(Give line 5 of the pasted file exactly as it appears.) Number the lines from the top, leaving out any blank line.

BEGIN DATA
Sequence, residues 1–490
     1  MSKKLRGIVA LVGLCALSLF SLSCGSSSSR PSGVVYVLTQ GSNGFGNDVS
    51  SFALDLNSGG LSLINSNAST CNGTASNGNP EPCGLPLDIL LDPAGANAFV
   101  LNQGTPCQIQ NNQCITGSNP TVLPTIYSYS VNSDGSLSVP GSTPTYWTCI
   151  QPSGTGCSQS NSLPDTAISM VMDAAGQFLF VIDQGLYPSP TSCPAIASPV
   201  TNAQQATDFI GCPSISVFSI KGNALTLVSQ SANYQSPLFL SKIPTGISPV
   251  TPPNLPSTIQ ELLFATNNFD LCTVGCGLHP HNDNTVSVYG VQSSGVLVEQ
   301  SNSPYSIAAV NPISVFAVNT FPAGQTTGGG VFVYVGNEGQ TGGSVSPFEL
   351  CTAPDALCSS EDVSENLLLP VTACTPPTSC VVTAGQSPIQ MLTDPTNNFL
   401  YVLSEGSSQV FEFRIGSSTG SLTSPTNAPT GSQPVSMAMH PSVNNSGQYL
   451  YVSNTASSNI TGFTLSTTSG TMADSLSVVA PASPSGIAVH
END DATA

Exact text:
   151  QPSGTGCSQS NSLPDTAISM VMDAAGQFLF VIDQGLYPSP TSCPAIASPV